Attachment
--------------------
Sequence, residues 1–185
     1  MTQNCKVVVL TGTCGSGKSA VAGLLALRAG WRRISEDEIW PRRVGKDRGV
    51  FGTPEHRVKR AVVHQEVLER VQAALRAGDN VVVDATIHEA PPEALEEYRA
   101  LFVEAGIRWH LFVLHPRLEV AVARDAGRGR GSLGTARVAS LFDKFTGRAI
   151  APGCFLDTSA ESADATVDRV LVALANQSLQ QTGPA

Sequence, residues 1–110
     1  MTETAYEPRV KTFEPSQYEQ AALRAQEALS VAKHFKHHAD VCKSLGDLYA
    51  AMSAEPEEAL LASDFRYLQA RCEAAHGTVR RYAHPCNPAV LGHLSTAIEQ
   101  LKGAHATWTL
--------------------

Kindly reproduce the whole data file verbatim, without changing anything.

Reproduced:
Sequence, residues 1–185
     1  MTQNCKVVVL TGTCGSGKSA VAGLLALRAG WRRISEDEIW PRRVGKDRGV
    51  FGTPEHRVKR AVVHQEVLER VQAALRAGDN VVVDATIHEA PPEALEEYRA
   101  LFVEAGIRWH LFVLHPRLEV AVARDAGRGR GSLGTARVAS LFDKFTGRAI
   151  APGCFLDTSA ESADATVDRV LVALANQSLQ QTGPA

Sequence, residues 1–110
     1  MTETAYEPRV KTFEPSQYEQ AALRAQEALS VAKHFKHHAD VCKSLGDLYA
    51  AMSAEPEEAL LASDFRYLQA RCEAAHGTVR RYAHPCNPAV LGHLSTAIEQ
   101  LKGAHATWTL